The only real difference between investigative reporting and what Koenig has done here is that the things that don’t pan out generally don’t go public, because it would require far too much ink or air time or pixels to say “we checked this out and there are a bunch of caveats but we still have questions.” But this is a podcast dedicated to exactly that, and Koenig openly acknowledges the weaknesses in what she’s found as well as the emotional difficulty involved in this digging – the criticism mentions Koenig’s own disclosure as evidence against her.
To say it’s not journalism because there isn’t a clear “why” is overly simplistic. Journalism is about creating a more informed public and moving conversations forward, and Koenig has done that.
Correction: An earlier version of this post misidentified Jones.
I’m excited to announce that I’ll be joining the news team at Vermont Public Radio as their digital reporter.
As news consumers move online for their content, many organizations, including VPR, have made a great effort to create robust and user-friendly web outlets. At VPR, they decided the next step was to hire a reporter to focus on digital-first news stories. That means the majority of my work will be published online, either in collaboration with VPR’s experienced radio reporters or based on my own original reporting in the Chittenden County area.
I have long admired VPR’s dedication to excellence in journalism and commitment to the exciting developments in digital journalism, and I’m thrilled to be joining them in their efforts in early September.
I wrote a piece for Media Nation, which is Northeastern Professor Dan Kennedy’s blog, about my experience covering the Boston Marathon bombings and the manhunt in Watertown later in the week. You can check that out above.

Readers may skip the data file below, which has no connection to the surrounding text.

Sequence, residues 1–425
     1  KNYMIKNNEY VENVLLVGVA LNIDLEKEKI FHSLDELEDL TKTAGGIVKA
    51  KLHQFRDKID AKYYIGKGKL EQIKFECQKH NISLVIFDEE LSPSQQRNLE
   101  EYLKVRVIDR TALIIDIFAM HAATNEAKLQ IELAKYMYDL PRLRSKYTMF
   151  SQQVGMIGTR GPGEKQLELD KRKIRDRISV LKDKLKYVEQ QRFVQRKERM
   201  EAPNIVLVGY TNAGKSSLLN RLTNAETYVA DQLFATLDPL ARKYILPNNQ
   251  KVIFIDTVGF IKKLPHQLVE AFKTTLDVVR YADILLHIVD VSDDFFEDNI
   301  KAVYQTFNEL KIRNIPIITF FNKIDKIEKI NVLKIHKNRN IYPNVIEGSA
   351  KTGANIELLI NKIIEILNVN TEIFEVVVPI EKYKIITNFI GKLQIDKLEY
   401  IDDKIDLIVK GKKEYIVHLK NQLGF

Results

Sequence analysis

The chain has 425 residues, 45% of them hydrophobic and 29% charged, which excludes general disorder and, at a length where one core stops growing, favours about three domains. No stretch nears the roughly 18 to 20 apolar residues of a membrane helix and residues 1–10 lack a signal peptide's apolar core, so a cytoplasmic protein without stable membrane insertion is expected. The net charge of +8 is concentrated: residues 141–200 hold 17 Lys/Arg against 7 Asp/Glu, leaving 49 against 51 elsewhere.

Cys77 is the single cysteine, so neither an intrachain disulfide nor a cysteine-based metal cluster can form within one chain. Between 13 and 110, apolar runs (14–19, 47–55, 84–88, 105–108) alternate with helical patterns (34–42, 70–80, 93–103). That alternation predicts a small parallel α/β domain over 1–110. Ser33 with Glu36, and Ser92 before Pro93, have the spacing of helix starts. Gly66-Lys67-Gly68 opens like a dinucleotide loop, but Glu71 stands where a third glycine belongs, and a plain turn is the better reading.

Note: Northeastern journalism student Taylor Dobbs covered the Boston Marathon bombings and the final standoff in Watertown from the scene of both incidents, publishing stories and photos in Medium. Here he offers some advice to young journalists: Show up; be a witness; tell us what you know; don’t guess at what you don’t know.
In a fast-moving, violent situation, fear and confusion naturally prevail. Facts and hard truths are at a premium, and the most difficult thing to do is separate these disparate pieces and figure out what is happening.
As a journalist, I knew this was my job on the ground when I arrived at the edge of the police perimeter on Monday, April 15, minutes after a pair of bombs echoed through the crowded streets of Boston and then again when I headed to MIT after shooting was reported on the campus.
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I got the privilege of covering some Northeastern women’s hockey games this past weekend when The Huntington News’ normal beat writer was unable to make a pair of games. It was a fun change of scenery.
The then-No. 7 Northeastern women’s hockey team left nothing up to chance this weekend as it blew by the University of New Hampshire Wildcats 8-0 Saturday and the University of Vermont Catamounts 5-1 Sunday.